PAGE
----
Military training in the middle of Miami jolts residents out of bed
By Scott Hiaasen
No, there was no smell of napalm in the morning.
But there was the thunderous whump whump of low-flying helicopters, and even the jarring blast of explosions at the abandoned Grand Bay Hotel in Coconut Grove early Tuesday during a military training exercise that jolted many unsuspecting residents from their beds.
“It was quite a shocking experience,” said Jane Muir, who was awakened around 1:45 a.m. by the sound of military choppers that later dropped rappelling soldiers onto the Grand Bay’s rooftop. “It was kind of that bizarre feeling that you were surrounded by wind.”
From her third-floor balcony, Muir then watched the soldiers fire off flares and smoke bombs before searching floor by floor through the darkened hotel, their paths marked by flashlights and the pop-pop-pop of gunshots. “The show of force was so overwhelming,” she said.
The maneuvers were part of a “realistic urban training” exercise for about 100 military personnel, and organized by the U.S. Special Operations Command, said Maj. Michael Burns, a U.S. Army spokesman. The exercise also included three military helicopters, and the use of simulated explosions and gunfire to mimic real-life military scenarios.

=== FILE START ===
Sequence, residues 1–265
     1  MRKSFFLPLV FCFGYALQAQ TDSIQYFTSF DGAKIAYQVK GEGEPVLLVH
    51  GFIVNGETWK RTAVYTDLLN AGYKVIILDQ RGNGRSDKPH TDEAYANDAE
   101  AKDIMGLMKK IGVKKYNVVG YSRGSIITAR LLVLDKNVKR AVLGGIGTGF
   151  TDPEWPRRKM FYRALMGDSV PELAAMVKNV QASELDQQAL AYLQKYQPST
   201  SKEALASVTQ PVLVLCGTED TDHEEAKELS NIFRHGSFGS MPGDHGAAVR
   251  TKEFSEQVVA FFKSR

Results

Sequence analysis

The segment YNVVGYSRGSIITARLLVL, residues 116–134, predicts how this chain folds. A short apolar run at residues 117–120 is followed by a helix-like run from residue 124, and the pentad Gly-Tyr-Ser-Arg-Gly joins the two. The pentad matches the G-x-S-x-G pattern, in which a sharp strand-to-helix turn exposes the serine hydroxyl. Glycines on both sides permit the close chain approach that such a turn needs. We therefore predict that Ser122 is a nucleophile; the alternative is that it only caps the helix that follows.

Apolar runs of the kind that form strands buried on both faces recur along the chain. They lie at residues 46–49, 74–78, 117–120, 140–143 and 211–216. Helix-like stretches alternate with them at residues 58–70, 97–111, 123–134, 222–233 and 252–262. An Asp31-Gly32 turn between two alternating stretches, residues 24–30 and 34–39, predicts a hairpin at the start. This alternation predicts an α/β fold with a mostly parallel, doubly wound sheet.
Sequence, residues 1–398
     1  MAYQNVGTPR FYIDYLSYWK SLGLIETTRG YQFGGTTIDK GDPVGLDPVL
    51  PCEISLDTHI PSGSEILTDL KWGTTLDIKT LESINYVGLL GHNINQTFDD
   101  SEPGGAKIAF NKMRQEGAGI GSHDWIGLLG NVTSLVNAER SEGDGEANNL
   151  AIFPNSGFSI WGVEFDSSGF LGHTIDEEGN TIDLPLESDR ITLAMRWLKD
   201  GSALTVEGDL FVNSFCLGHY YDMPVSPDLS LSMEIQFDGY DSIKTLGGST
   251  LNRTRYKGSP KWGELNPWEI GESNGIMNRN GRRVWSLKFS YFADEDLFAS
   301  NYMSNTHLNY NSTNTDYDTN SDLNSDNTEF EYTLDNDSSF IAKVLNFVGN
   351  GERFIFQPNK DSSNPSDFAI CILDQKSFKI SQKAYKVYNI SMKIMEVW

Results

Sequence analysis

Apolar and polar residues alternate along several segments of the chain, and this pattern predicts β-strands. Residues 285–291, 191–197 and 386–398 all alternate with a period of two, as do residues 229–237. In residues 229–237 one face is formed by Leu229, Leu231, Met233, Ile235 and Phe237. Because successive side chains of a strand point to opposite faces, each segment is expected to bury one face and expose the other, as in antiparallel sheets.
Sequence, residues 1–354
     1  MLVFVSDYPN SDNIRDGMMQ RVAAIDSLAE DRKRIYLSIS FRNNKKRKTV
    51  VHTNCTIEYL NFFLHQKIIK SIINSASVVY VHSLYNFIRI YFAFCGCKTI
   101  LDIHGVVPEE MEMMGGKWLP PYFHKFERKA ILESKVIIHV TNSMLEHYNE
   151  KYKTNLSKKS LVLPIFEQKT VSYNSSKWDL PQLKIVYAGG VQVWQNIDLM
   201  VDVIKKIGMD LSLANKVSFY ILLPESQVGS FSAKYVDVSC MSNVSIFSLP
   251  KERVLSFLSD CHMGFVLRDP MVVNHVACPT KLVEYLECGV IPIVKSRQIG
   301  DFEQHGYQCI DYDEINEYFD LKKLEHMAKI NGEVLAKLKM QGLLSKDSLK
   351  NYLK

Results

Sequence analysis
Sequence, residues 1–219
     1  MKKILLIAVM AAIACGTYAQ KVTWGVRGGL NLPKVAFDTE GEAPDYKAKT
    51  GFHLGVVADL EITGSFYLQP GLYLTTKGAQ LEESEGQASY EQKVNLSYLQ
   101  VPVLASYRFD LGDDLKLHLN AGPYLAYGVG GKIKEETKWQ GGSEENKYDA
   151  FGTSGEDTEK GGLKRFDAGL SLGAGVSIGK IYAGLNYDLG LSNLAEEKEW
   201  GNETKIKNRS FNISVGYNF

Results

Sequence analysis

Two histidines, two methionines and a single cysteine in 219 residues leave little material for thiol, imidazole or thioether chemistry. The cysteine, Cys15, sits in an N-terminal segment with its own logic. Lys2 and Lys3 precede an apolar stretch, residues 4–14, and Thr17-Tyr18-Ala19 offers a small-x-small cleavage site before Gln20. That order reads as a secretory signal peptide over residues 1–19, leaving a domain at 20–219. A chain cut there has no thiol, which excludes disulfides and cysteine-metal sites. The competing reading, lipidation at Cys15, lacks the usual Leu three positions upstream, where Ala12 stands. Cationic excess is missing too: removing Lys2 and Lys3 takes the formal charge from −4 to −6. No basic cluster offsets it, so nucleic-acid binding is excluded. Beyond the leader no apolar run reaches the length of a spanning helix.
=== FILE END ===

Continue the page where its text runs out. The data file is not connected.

“They have to train in a realistic environment,” Burns said. “We didn’t use any real bullets,” he added reassuringly.
Miami police assisted in overseeing the exercises — but they were instructed to keep quiet about the exercises until late Monday, for security reasons. The police also blocked off roads around the Grand Bay during the exercise, Muir said.
“It was the federal government’s call on what was being done. We were courteously advised,” said Miami commissioner Marc Sarnoff, whose district includes Coconut Grove.
Miami Police Maj. Delrish Moss said that a news release about the training was sent out around 5 p.m. Monday, but it went largely unnoticed.
The explosions, however, did not. A handful of alarmed Grove residents called the police and City Hall to ask about the armed choppers flying over their homes.
Muir, for one, would not have minded a heads up beforehand.
“I thought it was kind of rude, to tell you the truth,” she said. “One neighbor was swearing, he was so annoyed.”
But despite the neighborhood anxiety, the exercise went off safely and quickly, Burns said.
“It seems very high drama, but to us it’s kind of simple,” he said.
Miami Herald staff writer Charles Rabin contributed to this report.
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